ATLANTA — Emergency departments are seeing an increase in suspected drug-overdoses throughout Georgia, leading officials to believe COVID-19 is magnifying the state’s opioid epidemic.
In a June 19 memo to agency partners, Dr. Kathleen Toomey, commissioner of the Department of Public Health, said she was alerting them to be “vigilant about any unusual drug overdose activity” and the department is seeking help to identify if the link between drug overdoses and the pandemic is "truly occurring."
"Over the past several weeks, our syndromic surveillance system has picked up increasing drug overdose-involved Emergency Department visits throughout Georgia,” the memo reads.
The state’s "syndromic surveillance system" that monitors data from hospitals across Georgia sorts ER visits into similar illnesses or syndromes to monitor for changes in health trends. The department says it monitors the data daily to pick our suspected drug overdose increases or identify new “bad batches” of drugs circulating through communities.
In the past nine weeks, beginning April 4, the system has detected a 3% average weekly increase of emergency room visits involving drug overdoses, the memo reads. During an 11-week period beginning March 3, officials have seen a 5.9% average weekly increase of opioid-involved visits and a 6.4% average weekly increase of suspected heroin-involved visits.
According to the memo, numbers for fentanyl-involved overdose deaths in Georgia have had a 17% increase in the current five-month period — December 2019 through April 2020 — compared to the previous five-month period.
Nancy Nydam, spokesperson for the department, said its contacts at the Centers for Disease Control and Prevention have reported other places across the country seeing similar trends as well as the national drug overdose average increasing.
Local health departments have not yet reported similar trends, she said.
The memo says the department is looking to verify the link between increased overdoses and the pandemic before "initiating further public health response."
Nydam said this could include launching an investigation with public health districts to identify potential overdose clusters and communities with individuals at risk of drug overdose.
"If a cluster is identified, additional public health response may include synchronizing overdose cluster response among relevant partners, assessing availability of naloxone, and/or alerting the public about potential 'bad batches' of drugs and how individuals can best protect themselves," Nydam said in an email.
But in the tight budget-climate, the Department of Public Health faces funding cuts while battling coronavirus — let alone a new wave of drug overdoses on top of the state’s already existing opioid crisis.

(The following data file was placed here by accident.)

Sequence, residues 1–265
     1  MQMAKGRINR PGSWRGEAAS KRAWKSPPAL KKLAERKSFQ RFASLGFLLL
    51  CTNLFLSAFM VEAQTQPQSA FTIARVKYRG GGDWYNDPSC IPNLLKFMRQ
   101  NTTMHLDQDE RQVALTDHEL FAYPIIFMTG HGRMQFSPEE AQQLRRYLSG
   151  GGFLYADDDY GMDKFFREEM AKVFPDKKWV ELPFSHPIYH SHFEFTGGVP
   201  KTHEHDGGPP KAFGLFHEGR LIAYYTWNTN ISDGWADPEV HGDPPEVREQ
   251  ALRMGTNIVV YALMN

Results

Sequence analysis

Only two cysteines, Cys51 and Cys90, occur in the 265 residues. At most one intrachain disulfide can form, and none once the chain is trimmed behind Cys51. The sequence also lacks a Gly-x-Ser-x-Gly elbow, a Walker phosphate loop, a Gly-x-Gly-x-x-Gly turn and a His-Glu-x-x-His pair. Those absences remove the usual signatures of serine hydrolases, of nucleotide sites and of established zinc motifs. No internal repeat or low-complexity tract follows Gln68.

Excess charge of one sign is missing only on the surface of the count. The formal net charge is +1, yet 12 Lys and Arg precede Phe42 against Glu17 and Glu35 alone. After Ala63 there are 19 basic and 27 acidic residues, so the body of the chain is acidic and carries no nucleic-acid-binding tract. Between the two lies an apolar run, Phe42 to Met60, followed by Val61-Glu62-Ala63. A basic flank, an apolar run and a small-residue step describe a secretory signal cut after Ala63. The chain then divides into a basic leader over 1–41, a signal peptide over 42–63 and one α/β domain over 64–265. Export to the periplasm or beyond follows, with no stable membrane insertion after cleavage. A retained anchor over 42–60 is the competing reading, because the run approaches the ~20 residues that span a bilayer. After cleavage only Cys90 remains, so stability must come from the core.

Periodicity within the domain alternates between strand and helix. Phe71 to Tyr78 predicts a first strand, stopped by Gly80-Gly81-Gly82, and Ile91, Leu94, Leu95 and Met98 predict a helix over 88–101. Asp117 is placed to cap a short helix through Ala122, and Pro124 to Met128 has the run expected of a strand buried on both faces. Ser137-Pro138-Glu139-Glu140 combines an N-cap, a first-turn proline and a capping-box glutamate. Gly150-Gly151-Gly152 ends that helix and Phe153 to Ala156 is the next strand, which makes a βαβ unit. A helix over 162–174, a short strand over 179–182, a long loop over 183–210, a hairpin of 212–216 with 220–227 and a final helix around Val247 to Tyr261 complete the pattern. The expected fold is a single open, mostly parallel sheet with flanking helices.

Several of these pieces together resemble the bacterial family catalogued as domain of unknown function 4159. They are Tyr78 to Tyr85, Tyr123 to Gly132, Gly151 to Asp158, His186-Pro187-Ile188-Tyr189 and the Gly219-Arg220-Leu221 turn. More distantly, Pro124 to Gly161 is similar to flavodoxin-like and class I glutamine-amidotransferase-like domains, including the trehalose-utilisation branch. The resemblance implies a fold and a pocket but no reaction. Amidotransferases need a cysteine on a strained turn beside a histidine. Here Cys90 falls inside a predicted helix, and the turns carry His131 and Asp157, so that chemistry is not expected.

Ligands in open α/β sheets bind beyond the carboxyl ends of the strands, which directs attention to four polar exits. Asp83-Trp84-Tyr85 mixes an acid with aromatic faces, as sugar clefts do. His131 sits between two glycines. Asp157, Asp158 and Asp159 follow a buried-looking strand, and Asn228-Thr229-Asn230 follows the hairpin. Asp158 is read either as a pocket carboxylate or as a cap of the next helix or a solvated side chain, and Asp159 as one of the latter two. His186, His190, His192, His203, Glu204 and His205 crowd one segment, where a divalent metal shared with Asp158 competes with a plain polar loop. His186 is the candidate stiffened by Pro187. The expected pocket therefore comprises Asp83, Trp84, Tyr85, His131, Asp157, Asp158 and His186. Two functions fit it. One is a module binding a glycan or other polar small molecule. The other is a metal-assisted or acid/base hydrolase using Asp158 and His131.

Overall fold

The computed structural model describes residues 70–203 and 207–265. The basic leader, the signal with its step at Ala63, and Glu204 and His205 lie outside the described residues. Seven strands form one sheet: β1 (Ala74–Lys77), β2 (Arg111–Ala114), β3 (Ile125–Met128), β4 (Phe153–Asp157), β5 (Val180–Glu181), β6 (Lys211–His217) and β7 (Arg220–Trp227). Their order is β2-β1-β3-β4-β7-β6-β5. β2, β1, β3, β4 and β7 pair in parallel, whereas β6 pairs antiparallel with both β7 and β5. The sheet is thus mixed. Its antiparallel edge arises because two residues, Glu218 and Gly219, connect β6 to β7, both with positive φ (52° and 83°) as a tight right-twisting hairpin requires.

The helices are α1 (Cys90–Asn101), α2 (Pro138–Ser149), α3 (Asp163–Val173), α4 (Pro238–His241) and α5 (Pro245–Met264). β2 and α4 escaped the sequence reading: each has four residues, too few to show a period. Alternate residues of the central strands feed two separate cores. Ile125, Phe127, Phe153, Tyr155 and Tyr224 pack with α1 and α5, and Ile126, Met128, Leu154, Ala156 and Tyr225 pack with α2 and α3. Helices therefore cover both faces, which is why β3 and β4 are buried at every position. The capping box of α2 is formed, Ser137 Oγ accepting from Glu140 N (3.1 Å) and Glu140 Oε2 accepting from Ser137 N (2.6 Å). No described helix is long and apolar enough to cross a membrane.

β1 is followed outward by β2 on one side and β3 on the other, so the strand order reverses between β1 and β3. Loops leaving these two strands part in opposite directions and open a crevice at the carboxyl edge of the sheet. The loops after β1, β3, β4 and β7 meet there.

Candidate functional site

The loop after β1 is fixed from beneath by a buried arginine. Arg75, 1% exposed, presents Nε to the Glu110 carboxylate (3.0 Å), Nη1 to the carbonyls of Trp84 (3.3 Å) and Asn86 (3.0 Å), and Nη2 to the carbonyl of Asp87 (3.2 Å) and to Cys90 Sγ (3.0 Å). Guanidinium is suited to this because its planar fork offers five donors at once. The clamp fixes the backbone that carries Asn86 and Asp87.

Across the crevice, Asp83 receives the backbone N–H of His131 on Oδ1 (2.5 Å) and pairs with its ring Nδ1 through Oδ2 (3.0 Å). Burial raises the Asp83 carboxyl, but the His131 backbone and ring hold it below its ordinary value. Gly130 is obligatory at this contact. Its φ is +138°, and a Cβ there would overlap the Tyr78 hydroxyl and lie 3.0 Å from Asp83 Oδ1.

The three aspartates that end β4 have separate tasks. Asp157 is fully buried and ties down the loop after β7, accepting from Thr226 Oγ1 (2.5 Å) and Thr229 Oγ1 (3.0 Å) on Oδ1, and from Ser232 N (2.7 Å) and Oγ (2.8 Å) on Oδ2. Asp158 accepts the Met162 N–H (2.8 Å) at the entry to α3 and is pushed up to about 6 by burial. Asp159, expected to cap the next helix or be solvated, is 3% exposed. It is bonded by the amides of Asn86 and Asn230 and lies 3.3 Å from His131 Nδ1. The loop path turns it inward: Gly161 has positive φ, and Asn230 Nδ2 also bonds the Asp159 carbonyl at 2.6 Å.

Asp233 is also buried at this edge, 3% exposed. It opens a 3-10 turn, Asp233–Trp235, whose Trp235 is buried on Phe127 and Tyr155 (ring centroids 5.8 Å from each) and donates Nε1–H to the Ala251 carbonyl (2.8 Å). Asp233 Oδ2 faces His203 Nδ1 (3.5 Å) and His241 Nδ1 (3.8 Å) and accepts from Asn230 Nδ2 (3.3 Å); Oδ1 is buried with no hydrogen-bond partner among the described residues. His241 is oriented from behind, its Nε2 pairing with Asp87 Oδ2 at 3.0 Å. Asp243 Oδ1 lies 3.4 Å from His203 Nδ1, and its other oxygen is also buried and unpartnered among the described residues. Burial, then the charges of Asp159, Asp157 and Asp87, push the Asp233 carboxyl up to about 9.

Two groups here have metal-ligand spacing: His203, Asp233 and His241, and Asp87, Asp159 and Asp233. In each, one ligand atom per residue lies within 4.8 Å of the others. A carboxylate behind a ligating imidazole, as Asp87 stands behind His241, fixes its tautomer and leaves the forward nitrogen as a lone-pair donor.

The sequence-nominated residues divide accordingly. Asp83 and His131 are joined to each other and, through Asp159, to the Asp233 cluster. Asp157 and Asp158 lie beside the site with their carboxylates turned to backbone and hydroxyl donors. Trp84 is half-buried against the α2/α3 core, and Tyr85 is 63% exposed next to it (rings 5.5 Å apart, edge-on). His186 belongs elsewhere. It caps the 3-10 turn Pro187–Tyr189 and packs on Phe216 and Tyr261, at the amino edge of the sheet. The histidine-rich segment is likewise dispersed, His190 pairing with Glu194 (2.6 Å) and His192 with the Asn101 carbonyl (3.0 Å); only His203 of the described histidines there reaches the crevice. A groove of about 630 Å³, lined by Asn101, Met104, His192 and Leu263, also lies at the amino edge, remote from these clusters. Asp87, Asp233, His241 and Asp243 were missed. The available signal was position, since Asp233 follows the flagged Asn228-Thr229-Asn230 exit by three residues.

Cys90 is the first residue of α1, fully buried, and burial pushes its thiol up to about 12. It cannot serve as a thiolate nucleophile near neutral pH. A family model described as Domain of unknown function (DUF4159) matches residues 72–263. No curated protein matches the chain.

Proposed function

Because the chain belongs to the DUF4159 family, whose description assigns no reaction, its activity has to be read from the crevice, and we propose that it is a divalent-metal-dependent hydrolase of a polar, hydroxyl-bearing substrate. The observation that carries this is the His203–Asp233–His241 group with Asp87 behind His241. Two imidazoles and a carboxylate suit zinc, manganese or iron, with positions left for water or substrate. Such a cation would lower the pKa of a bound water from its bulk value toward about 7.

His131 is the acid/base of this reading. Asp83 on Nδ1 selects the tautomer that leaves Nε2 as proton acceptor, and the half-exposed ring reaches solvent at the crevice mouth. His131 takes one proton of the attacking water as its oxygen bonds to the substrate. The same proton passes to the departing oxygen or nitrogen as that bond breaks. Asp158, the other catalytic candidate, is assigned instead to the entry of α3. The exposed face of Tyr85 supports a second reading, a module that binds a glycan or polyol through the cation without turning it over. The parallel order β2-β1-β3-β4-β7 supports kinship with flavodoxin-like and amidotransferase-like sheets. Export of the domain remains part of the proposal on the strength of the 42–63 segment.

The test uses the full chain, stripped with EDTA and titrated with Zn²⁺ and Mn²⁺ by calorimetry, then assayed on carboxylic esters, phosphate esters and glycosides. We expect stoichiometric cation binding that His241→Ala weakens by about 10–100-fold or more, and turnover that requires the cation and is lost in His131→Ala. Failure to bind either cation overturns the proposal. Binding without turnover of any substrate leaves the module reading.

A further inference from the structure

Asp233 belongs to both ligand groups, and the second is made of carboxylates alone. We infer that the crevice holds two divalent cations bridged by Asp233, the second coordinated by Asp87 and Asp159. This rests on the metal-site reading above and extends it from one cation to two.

‘An epidemic within the pandemic'
Members of the addiction recovery community were not surprised at the news in the memo.
Jeff Breedlove, an advocate for addiction recovery, said the memo sent from Georgia’s top health official validated the unique challenges people in recovery have faced for months during the pandemic.
“We knew that isolation was the number one problem for people in the beginning of addiction or in recovery. It’s the biggest threat,” he said. "The worst is yet to come for mental health and substance abuse disorder for the people of Georgia.”
Breedlove said the “Warm Line” — a state hotline for individuals seeking help with substance abuse disorder or recovery — has seen upwards of a 65% increase in calls daily since the pandemic began and the numbers continue to rise.
In March, calls were up about 20% on the line.
But not only have calls increased, the intensity and level of crisis have increased, he said.
“Every day that COVID-19 continues more and more lives are at risk,” Breedlove said. "Every day that we don’t strengthen and enhance the recovery community in Georgia is a day that we're hurting the workforce in Georgia, we're making it harder for local law enforcement and the local medical community. And we're making it harder for families to stay together.”
Neil Campbell, the executive director of the Georgia Council on Substance Abuse, said the loss of social connection due to businesses closing, social distancing and self-isolation has a large impact on the success of recovery.
Those in early recovery, she said, are particularly “fragile."
“People with substance use disorders or mental illness, have vulnerabilities during this time because one of the things that helps with our recovery the most is social connection,” Campbell said. “So just sitting in a room and being by yourself — sure you can be sober — but are you really in recovery unless you're interacting with people and living your life?”